Judges may issue restraint orders to prevent media from covering court cases considered sensitive on national security grounds. Rights groups stated authorities sometimes misused the orders to shield government, police, or military officials from public scrutiny. Citing safety and security, the government and military restricted media access to many parts of North Sinai.

In August prosecutors ordered satirical blogger Islam al-Refai, known as Khorm, detained for 15 days. Khorm, who ran a satirical Twitter account with 75,000 followers, had been detained since November 2017 in a separate case involving charges of belonging to a banned group and spreading false news. He was due for release on bail when prosecutors added him to Case 441/2018 (see above). According to his lawyer, a State Security investigation report accused Khorm of “communication with AI and HRW from his place of detention” and described the two organizations as having an “antagonistic position [to the Egyptian state].” He remained in detention at year’s end.

On July 15, HRW published a report claiming that authorities used counterterrorism and state-of-emergency laws and courts unjustly to prosecute journalists, activists, and critics for their peaceful criticism. The report documented nine ongoing court cases since 2017 involving 36 defendants, including activists, bloggers, and journalists, who authorities detained and investigating under the country’s counterterrorism law.

INTERNET FREEDOM

The constitution protects the right to privacy, including on the internet. The constitution provides for the confidentiality and “inviolability” of postal, telegraphic, and electronic correspondence; telephone calls; and other means of communication. They may not be confiscated, revealed, or monitored except with a judicial order, only for a definite period, and only in cases defined by law. The constitution prohibits the government from “arbitrarily” interrupting, disconnecting, or depriving citizens seeking to use all forms of internet communications.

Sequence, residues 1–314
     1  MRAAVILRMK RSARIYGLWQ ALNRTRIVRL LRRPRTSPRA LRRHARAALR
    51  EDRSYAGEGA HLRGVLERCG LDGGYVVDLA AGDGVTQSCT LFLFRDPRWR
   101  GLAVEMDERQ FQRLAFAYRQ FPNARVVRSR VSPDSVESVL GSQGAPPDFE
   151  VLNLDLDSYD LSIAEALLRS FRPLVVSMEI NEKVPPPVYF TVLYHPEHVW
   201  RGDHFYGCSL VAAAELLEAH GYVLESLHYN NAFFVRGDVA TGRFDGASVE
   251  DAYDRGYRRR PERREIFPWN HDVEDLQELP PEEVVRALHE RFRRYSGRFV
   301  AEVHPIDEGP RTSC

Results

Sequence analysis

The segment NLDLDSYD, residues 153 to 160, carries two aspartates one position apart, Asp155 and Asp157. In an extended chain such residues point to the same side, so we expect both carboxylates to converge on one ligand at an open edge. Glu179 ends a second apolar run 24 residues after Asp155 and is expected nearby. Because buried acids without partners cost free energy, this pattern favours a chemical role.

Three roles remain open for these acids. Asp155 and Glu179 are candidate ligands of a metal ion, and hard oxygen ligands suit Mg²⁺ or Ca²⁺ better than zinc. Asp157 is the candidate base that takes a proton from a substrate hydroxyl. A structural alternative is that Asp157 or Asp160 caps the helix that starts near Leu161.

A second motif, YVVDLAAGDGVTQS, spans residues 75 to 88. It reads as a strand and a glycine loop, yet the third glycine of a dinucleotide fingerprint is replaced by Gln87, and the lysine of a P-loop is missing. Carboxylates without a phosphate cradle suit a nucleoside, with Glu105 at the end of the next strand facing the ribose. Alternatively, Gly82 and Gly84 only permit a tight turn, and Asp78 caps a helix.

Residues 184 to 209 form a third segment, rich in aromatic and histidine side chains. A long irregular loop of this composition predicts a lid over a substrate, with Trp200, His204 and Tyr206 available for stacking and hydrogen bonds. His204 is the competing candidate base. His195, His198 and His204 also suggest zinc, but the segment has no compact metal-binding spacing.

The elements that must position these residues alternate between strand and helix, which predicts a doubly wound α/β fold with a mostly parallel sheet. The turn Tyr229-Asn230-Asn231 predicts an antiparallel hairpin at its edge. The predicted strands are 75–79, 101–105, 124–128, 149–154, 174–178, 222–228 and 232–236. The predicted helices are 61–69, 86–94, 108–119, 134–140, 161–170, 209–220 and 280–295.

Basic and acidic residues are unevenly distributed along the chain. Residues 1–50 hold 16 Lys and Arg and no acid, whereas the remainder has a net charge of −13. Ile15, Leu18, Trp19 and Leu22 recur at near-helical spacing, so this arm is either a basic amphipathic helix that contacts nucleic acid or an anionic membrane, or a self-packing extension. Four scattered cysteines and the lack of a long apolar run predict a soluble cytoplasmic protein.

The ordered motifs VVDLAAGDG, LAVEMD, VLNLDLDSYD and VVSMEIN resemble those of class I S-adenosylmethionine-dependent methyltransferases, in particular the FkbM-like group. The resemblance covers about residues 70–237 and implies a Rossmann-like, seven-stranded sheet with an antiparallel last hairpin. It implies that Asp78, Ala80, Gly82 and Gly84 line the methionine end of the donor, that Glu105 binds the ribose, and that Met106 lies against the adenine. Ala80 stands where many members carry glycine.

Despite legal protections, the government restricted and disrupted access to the internet and censored online content. There were credible reports the government monitored private online communications without appropriate legal authority. Law enforcement agencies restricted or disrupted individuals’ access to the internet, and the government monitored social media accounts and internet usage, relying on a law that only allows targeted interception of communications under judicial oversight for a limited period and does not permit indiscriminate mass surveillance. The public prosecutor prosecuted individuals accused of posting “insulting” material.

The counterterrorism law criminalizes the use of the internet to “promote ideas or beliefs that call for terrorist acts” or to “broadcast what is intended to mislead security authorities or influence the course of justice in relation to any terrorist crime.” The law also authorizes the public prosecutor and investigators to monitor and record online communications among suspects in terrorism cases for a period of 30 days, renewable in 30-day increments. The law does not specify a maximum period.

The cybercrime law, ratified by the president in August, states, “the relevant investigating authority may, when the evidence indicates that a website is broadcasting phrases, numbers, pictures, videos, or any promotional material, that constitutes one of the crimes enshrined in this law, and poses a threat to national security or endangers the security or economy of the country, order the blocking of the website.” The government did not issue implementing regulations for the law by year’s end.

On May 26, an administrative court issued a final ruling ordering regulators to block YouTube for one month. In 2013 a lower court ordered the site blocked for hosting a short film purportedly denigrating the Prophet Muhammad, but the National Telecommunications Regulatory Authority appealed. The ruling has not yet been enforced.

There were reports the government temporarily blocked access to internet messaging applications. On February 2, authorities blocked the Accelerated Mobile Pages Project, a Google-led open source website publishing tool.

On July 7, a Cairo misdemeanor court sentenced Lebanese tourist Mona el-Mazbouh to eight years in prison on charges of defaming religion, insulting the president, and insulting the Egyptian people. The sentence was appealed and reduced to a one-year suspended sentence on September 9. The charges stemmed from a video she posted to her Facebook account in May in which she complained about sexual harassment and used profane language to describe the country. In June authorities arrested El-Mazbouh at the airport as she prepared to depart the country.

The government attempted to disrupt the communications of terrorist groups operating in Sinai by cutting mobile services, internet, and sometimes landlines. Cuts generally occurred daily from 6 a.m. to 6 p.m. Networks were again fully accessible at approximately 8 p.m. and sometimes later. Cuts also disrupted operations of government facilities and banks.